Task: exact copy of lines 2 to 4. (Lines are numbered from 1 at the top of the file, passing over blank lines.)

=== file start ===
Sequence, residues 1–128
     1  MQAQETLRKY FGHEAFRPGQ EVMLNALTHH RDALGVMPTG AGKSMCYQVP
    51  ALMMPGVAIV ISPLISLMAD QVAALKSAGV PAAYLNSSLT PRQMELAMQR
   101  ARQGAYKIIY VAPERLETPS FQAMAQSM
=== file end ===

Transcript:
     1  MQAQETLRKY FGHEAFRPGQ EVMLNALTHH RDALGVMPTG AGKSMCYQVP
    51  ALMMPGVAIV ISPLISLMAD QVAALKSAGV PAAYLNSSLT PRQMELAMQR
   101  ARQGAYKIIY VAPERLETPS FQAMAQSM